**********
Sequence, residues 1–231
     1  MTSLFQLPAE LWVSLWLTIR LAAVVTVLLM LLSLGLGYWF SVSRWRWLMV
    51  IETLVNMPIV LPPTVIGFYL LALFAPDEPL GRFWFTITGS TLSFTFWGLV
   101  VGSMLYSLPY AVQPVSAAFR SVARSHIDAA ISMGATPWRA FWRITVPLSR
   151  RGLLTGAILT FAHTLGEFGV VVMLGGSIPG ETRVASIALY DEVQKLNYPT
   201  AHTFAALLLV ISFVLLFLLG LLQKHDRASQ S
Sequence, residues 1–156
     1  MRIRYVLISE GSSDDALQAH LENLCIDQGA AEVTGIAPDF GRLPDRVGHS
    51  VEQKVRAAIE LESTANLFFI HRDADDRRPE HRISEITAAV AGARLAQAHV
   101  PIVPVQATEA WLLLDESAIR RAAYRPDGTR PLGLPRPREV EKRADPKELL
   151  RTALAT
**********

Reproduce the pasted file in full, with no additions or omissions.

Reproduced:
Sequence, residues 1–231
     1  MTSLFQLPAE LWVSLWLTIR LAAVVTVLLM LLSLGLGYWF SVSRWRWLMV
    51  IETLVNMPIV LPPTVIGFYL LALFAPDEPL GRFWFTITGS TLSFTFWGLV
   101  VGSMLYSLPY AVQPVSAAFR SVARSHIDAA ISMGATPWRA FWRITVPLSR
   151  RGLLTGAILT FAHTLGEFGV VVMLGGSIPG ETRVASIALY DEVQKLNYPT
   201  AHTFAALLLV ISFVLLFLLG LLQKHDRASQ S
Sequence, residues 1–156
     1  MRIRYVLISE GSSDDALQAH LENLCIDQGA AEVTGIAPDF GRLPDRVGHS
    51  VEQKVRAAIE LESTANLFFI HRDADDRRPE HRISEITAAV AGARLAQAHV
   101  PIVPVQATEA WLLLDESAIR RAAYRPDGTR PLGLPRPREV EKRADPKELL
   151  RTALAT